In science fiction, of course, I encountered a radically different sense of the future. It has become conventional to say, as the superb novelist William Gibson has remarked, that science fiction isn’t about the future (unknowable); it’s always about the present. There’s a partial truth in that aphorism, but not the whole truth. Those evocative dates—8054 AD, for instance—gave me a shiver, over and over again, a sense of the largeness of things, comparable to but also distinct from the effect of mind-bending stories of encounters with extraterrestrials in our own time.

One of my favourite science fiction writers in those early days (along with Isaac Asimov, Robert Heinlein, and others) was Andre Norton. I had read four or five of her books when I discovered, by accident (in the Pomona Public Library’s card catalog), that she was a woman, born Alice Mary Norton. This didn’t in the least diminish my enjoyment of her books; on the contrary, it fit with other discoveries (if that isn’t too grand a term) about “fiction,” discoveries which (again) I wouldn’t have been able to put clearly at the time: the way in which fiction depends on duplicity, on a doubleness that can be more or less benign, more or less perverse. It was an uncomfortable discovery, but one that came with a certain frisson.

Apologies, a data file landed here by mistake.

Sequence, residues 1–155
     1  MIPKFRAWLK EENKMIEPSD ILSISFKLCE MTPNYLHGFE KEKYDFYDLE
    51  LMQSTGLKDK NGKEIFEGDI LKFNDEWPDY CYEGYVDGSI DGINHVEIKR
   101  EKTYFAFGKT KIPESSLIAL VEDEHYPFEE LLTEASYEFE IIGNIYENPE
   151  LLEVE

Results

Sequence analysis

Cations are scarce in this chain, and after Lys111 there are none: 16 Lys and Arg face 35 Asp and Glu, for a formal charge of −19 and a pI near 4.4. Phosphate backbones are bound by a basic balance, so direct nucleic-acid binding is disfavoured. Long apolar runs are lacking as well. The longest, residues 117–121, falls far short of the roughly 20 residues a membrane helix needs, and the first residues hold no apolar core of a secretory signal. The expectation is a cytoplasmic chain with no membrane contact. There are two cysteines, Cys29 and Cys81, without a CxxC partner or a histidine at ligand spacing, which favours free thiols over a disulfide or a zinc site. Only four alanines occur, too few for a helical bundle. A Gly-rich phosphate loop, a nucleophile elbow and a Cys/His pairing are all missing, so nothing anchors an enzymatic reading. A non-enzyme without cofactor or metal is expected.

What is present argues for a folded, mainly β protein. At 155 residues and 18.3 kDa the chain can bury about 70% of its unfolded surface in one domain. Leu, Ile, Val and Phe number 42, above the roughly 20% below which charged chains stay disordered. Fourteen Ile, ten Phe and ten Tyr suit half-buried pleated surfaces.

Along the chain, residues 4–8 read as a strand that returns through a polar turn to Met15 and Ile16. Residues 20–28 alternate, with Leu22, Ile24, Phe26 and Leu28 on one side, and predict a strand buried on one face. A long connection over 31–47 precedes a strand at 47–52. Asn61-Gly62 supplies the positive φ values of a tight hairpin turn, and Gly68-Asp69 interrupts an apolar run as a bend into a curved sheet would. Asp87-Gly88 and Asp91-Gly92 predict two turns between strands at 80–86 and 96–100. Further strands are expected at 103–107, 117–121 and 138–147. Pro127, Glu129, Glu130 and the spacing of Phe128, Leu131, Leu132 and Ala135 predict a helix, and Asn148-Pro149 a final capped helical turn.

If you ever read such stuff, or if you have a son or daughter roughly age ten who might be willing to try an old book, consider Star Rangers. Yes, it creaks with well-worn devices, and the prose—serviceable at best—is larded with clichés. And yet I’ll never forget (never until I’ve lost my faculties, at any rate) finishing the book for the first time, circa AD 1958, about five years after it was published. When I reread it most recently, several years ago, traces of the magic still lingered.

Topics: Books
John Wilson
John Wilson

John Wilson edited Books & Culture from its first issue (1995) to its last (2016). He and his wife Wendy live in Wheaton, Illinois, where they are members of Faith Evangelical Covenant Church.